Gluteus Medius

The Glut Medius (med) muscle can also be activated while lying on the side and gently lifting the knee, as with a “Clam” exercise. Special care is to be taken so as to not activate the Tensor Fascia Lata muscle at the front of the hip joint while doing so. Research has found that in cases of advanced hip joint pathology, Gluteus Med is atrophied (Grimaldi et al, 2009).

The role of the Glut Med is really to stabilize the hip and pelvis while in an upright, weight bearing position and therefore, more functional upright positions are the preferred method of training this muscle.

Exercises such as Bridges, squats, lunges and step ups are particularly useful glut med training tools, but it is important to make sure the knees align with the middle toe, hip and shoulder while performing these to achieve optimum activation. Single Leg standing and squatting with particular attention to keeping the hips aligned and the knee pointing forward also uses Gluteus Medius and you should notice a good burning feeling in the side of the gluts when you are doing these exercises correctly.

Try standing next to a wall with tall posture and slightly bent knees, bend your closest leg and press gently into the wall without letting the body move. Hold for 10-15 seconds and repeat x 20. You should start feeling a burning on the standing leg!

Achieving a strong and stable Gluteus Medius will tone the lateral part of the gluts to achieve that rounded bottom you are aiming for.


Gluteus Maximus

The Gluteus Maximus (max) is divided up into two portions, the top half and horizontally aligned glut max fibres and the bottom half, the vertically aligned fibres. These two halves work slightly differently, the top half is responsible for abduction (sideways) movement of the leg, and the bottom half is responsible for hip extension and propulsion while moving. It is the lower half of the Glut Max that is often the weakest, showing up as a floppy or saggy lower bottom cheek, particularly if you have hip osteoarthritis, lower back pain or knee pain. Often to compensate for a weak Gluteus Max, the hamstrings become overactive and tight and the lower back extensor muscles do the same. This is also a common presentation for people with recurrent hamstring tears.

Research into the function of the glut muscles in hip pathology has shown that the more advanced the pathology, the more weakness can be found in the lower Gluteus Max fibres and the more hypertrophy in the upper glut max and tensor fascia lata muscle (Grimaldi et al, 2008).

Exercises such as Bridging can target the lower gluteus fibres well if you palpate the bottom part of the Glut Max while you do so. To feel an extra “burn” in this area, try only coming down halfway and then bridging back up again repetitively. Also adding hold time up the top of the bridge can help you feel these more.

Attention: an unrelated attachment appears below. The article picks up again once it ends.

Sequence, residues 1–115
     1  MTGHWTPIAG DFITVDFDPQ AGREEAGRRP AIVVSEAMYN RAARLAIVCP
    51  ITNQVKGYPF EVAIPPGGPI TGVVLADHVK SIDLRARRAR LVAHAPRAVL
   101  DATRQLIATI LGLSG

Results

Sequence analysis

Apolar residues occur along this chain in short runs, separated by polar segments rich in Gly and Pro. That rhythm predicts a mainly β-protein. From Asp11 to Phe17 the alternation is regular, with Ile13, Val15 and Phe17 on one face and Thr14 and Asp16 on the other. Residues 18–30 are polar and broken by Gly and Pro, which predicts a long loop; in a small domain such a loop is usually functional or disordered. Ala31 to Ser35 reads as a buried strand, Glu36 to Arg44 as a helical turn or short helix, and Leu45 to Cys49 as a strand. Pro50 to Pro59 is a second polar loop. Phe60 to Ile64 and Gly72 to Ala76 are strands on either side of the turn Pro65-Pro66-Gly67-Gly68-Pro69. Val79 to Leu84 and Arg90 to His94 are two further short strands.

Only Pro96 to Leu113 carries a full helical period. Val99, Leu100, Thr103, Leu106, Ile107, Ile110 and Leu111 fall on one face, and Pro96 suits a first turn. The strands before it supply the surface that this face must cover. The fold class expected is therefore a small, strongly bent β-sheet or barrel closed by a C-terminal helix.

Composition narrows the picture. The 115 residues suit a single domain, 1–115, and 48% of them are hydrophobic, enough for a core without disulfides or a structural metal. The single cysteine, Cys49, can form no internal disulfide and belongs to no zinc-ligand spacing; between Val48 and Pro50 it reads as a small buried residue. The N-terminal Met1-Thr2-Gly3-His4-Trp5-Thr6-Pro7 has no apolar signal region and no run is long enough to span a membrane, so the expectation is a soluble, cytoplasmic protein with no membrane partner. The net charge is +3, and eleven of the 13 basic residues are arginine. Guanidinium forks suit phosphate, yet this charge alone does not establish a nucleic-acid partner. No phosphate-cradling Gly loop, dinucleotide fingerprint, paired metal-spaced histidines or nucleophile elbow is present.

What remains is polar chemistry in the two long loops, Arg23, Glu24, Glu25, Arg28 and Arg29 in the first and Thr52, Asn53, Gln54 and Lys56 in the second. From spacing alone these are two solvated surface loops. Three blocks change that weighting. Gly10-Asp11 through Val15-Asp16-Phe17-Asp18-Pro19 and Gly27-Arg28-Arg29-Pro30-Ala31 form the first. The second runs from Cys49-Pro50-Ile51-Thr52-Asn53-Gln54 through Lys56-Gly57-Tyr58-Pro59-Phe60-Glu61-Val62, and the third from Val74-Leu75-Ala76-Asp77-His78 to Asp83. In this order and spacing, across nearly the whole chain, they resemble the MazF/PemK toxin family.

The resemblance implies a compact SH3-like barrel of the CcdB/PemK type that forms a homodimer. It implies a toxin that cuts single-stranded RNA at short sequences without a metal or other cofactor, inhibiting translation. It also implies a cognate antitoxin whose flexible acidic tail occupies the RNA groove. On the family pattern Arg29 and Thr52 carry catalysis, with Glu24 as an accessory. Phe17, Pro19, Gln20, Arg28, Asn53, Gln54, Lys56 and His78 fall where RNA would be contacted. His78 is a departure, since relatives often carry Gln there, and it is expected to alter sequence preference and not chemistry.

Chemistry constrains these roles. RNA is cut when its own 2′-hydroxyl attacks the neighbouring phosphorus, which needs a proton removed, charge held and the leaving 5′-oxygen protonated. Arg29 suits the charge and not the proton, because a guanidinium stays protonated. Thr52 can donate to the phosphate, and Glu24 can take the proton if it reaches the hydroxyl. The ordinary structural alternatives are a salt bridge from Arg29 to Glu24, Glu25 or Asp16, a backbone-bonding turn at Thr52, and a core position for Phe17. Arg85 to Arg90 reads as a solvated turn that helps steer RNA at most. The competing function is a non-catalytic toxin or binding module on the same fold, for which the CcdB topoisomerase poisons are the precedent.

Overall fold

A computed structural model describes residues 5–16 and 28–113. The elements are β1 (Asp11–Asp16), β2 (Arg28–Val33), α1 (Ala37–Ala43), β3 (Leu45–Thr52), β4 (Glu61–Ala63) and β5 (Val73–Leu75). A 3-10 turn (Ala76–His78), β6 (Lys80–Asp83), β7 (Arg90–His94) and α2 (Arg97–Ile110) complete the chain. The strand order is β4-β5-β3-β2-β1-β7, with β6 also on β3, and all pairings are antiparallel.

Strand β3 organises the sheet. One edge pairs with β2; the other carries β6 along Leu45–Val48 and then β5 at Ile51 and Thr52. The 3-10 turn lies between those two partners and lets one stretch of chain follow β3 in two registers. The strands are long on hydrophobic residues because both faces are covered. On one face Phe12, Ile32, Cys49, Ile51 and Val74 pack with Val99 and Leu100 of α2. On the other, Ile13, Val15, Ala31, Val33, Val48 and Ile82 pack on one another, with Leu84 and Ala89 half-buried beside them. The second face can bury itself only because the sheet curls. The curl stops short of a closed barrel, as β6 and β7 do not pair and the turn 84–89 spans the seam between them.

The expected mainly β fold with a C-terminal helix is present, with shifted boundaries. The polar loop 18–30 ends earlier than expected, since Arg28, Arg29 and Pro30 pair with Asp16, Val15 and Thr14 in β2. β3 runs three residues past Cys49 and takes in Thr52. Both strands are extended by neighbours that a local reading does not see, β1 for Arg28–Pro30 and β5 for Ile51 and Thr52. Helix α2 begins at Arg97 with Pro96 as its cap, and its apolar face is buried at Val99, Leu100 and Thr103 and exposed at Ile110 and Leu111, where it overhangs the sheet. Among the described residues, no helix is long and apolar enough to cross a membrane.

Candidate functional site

Step ups, Squats and Lunges have also been shown to be particularly good at targeting the gluteus max, however important attention must be paid to making sure the trunk is leaning forward from the hips and the pressure is through the front heel. This forward lean produces an increased amount of hip flexion, which has been found to be the best position to gain glut activation and awareness.


Pilates offers a large range of equipment exercises that isolate and target the Gluteus muscles better than any other gym exercise. For example the Standing Sidesplits, Scooter, Side Lying Glut series, Lunges and Step Ups on the equipment to name a few. See our Instagram and Facebook accounts for video examples of these exercises.


Q Pilates Best Butt Workout Includes:

  •  Pilates equipment and floor exercises (eg Scooter, Sidesplits, Side lying glut series on the mat and reformer, clams, side leg lifts, circles etc)
  • Squats (attention to knee alignment and bending forward from the hips)
  • Wide Squats
  • Squat Holds and pulses
  • Bridges (feel underneath the lower glut max for optimum activation)
  • Single leg Bridges are a great way to increase the burn too!
  • Single Leg Squats or Deadlifts (NB knee and hip alignment)
  • Lunges (with forward trunk lean and weight through front heel)
  • Slow and controlled Step Ups (with forward trunk lean and correct knee position)
  • Side lying clams, single leg lifts, leg circles etc (not to be used as the only form of glut exercise)
  • Gluteus minimus awareness while performing the above (drawing the hips towards each other in an imaginary line to pre-activate)





  1. Grimaldi et al (2009). The association between degenerative hip joint pathology and size of the gluteus medius, gluteus minimus and piriformis muscles. Man Ther. 2009 Dec;14(6):605-10
  2. Grimaldi et al (2008). The association between degenerative hip joint pathology and size of the gluteus maximus and tensor fascia lata muscles. Man Ther. 2009 Dec;14(6):611-7
  3. Image Sources: